To the Journal editor:
I'm writing in response to the May 9 Letter to the Editor. Having been in healthcare for nearly three decades, Dr. Benishek is in a better position than most to provide sensible healthcare solutions. The ACA was referred to as being "a step in the right direction given the failure of the single payer approach." Given the hyper-partisanship required to pass the ACA, Former Speaker Pelosi saying "we need to pass the bill to find out what is in it," Kathleen Sibelius, the Secretary of Health and Human Services, not knowing if added to the federal deficit, and the impending unconstitutionality of the individual mandate, forgive me if my take on the ACA isn't so rosy.
Americans need greater access to healthcare, however not in a matter so egregiously unconstitutional, nor so expensive. The ACA was only projected to cost $940 billion when it was passed, that number has since ballooned to $1.76 trillion. Having a single governmental healthcare program like the ACA would not be cost-effective, nor would it provide pragmatic treatment.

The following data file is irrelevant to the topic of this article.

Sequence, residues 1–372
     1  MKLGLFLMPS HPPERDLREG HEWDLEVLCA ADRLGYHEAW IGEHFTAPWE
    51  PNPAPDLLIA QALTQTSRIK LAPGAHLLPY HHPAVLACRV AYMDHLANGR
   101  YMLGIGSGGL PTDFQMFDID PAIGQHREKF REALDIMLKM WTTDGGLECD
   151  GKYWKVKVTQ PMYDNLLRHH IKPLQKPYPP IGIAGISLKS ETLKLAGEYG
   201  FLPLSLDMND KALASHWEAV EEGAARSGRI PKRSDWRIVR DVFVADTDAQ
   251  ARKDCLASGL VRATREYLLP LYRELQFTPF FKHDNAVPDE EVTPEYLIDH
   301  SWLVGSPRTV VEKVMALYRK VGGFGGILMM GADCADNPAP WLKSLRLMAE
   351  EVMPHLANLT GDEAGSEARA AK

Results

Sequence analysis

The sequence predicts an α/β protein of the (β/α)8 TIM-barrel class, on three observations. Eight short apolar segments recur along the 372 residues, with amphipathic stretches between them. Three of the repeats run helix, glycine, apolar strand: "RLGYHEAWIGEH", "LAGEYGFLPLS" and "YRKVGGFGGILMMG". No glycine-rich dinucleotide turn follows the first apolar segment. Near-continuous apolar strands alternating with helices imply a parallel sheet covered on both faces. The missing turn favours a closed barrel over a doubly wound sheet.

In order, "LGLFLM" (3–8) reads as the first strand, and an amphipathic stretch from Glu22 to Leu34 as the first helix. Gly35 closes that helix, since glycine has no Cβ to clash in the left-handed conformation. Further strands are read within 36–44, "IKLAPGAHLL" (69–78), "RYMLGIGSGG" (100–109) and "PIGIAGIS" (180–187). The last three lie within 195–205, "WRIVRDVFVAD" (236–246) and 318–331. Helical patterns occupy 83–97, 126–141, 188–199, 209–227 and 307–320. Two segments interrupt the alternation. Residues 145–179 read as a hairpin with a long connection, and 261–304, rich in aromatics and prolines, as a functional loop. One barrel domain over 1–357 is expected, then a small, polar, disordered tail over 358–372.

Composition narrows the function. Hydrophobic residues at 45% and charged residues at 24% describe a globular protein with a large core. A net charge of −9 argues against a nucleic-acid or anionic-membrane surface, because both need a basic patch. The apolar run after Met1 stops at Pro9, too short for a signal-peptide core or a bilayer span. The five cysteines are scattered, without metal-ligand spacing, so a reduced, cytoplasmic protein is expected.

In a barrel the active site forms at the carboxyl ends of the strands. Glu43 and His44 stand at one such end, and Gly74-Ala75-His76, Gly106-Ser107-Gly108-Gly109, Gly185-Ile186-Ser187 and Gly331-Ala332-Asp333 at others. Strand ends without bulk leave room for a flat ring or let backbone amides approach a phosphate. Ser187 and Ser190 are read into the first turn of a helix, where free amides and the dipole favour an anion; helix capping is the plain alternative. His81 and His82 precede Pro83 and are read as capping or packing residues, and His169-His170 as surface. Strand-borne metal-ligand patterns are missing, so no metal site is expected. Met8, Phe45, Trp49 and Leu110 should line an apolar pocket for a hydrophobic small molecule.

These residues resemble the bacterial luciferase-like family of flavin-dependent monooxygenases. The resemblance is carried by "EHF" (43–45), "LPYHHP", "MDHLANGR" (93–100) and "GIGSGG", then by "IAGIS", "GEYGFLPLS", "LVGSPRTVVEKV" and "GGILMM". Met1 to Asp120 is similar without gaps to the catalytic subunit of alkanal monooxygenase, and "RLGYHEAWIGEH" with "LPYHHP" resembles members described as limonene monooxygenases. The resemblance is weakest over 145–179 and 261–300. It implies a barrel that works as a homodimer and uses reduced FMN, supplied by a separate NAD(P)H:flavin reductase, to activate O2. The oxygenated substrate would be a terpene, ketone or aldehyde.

There are many ways to address the expanding costs of healthcare, including eliminating nonsensical regulation and enacting tort-reform laws, two things Dr. Benishek has sought to do while in office. We also need to let competition work. Insurers are indeed profit-driven, but need a pool of insured to provide this much needed service. Dr. Benishek is exploring ways to provide insurance for the uninsured, so that the cost doesn't continue to be shifted to those who are paying for insurance. He's also exploring the most efficient ways to make insurance affordable for the uninsured without requiring them to purchase a product from the government. Unfortunately little of Dr. Benishek's ideas, like most Republicans, were in the final law because the legislation was railroaded through Congress.
Most importantly, Dr. Benishek is dedicated to reforming Medicare without taking a penny away from anyone currently using it, including many residents of this district. However, the funds for Medicare are set to dry up by 2033, and Dr. Benishek understands that changes need to be made so that this service can be provided to future generations.
It should be obvious who I'm voting for in November.